McGovern’s Legacy

On Sunday, Democratic icon George McGovern, who served the state of South Dakota for more than twenty years in the House and Senate, passed away at the age of 90. Despite an accomplished record of service during WWll that included 35 combat missions as a B-24 bomber pilot in Europe earning him the Distinguished Flying Cross, McGovern was best known for his anti-war stance with regard to Vietnam, and his overwhelming defeat in the 1972 presidential election. Since his passing, McGovern has been rightly eulogized for his personal affability and agreeableness, but what must not be airbrushed over is the true nature of his influence on the political landscape. As unfortunate as it is, McGovern helped lead the transformation of the Democratic Party into a coalition of leftists distinct from the previous generation of liberals in the Kennedy mold. As a result, the country has never been the same.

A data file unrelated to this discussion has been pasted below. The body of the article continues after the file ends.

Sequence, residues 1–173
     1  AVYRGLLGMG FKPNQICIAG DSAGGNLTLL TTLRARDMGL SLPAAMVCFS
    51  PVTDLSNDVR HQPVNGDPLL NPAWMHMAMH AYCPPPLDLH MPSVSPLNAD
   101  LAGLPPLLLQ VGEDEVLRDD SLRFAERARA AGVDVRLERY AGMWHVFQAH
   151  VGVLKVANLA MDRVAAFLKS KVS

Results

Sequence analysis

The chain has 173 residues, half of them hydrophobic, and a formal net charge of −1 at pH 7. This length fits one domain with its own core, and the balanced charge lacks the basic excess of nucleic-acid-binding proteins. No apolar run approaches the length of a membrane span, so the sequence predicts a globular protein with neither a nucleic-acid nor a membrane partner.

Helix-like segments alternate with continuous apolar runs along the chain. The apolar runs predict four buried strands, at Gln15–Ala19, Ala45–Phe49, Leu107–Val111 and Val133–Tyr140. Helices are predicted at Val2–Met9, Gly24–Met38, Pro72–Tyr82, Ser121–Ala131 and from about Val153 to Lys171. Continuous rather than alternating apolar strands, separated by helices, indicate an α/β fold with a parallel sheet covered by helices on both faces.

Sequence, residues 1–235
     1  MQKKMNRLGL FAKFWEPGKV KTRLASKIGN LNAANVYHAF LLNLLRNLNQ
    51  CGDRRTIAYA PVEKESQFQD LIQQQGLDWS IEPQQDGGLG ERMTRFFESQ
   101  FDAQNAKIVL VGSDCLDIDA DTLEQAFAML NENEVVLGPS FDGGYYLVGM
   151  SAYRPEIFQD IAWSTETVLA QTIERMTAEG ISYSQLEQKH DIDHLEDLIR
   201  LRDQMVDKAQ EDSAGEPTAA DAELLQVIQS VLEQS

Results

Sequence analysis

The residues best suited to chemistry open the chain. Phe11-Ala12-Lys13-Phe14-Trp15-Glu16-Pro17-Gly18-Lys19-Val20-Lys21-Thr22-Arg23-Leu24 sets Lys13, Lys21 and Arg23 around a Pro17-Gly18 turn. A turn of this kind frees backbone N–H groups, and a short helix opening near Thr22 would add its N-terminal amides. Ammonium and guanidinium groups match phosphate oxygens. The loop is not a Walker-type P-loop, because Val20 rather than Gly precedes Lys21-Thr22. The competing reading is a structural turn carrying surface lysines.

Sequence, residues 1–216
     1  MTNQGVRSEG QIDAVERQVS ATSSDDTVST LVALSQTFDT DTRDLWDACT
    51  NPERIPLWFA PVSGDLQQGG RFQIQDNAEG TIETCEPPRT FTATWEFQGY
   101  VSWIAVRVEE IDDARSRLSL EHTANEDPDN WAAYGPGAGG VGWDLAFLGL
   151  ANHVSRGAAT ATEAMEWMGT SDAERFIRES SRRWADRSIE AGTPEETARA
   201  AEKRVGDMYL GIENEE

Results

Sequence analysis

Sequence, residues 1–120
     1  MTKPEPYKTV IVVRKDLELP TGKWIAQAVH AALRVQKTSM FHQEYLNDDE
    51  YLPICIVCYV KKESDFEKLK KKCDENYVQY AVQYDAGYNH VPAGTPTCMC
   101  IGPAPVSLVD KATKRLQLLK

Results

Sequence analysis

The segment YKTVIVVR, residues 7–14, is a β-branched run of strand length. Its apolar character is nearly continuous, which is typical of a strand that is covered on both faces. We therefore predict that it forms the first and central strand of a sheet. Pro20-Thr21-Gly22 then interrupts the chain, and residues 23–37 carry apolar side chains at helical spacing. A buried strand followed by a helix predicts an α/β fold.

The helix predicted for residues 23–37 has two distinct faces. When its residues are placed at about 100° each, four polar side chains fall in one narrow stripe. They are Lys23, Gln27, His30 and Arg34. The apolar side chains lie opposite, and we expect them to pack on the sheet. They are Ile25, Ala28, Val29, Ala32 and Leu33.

It was McGovern himself who planted the seeds of that divisiveness. As the New York Times notes in its obituary, McGovern “became the chairman of a Democratic Party commission on delegate selection, created after the fractious 1968 national convention to give the rank and file more say in picking a presidential nominee.” As a result, the McGovern-Fraser Commission “rewrote party rules to ensure that more women, young people and members of minorities were included in delegations. The influence of party leaders was curtailed. More states began choosing delegates on the basis of primary elections. And the party’s center of gravity shifted decidedly leftward.”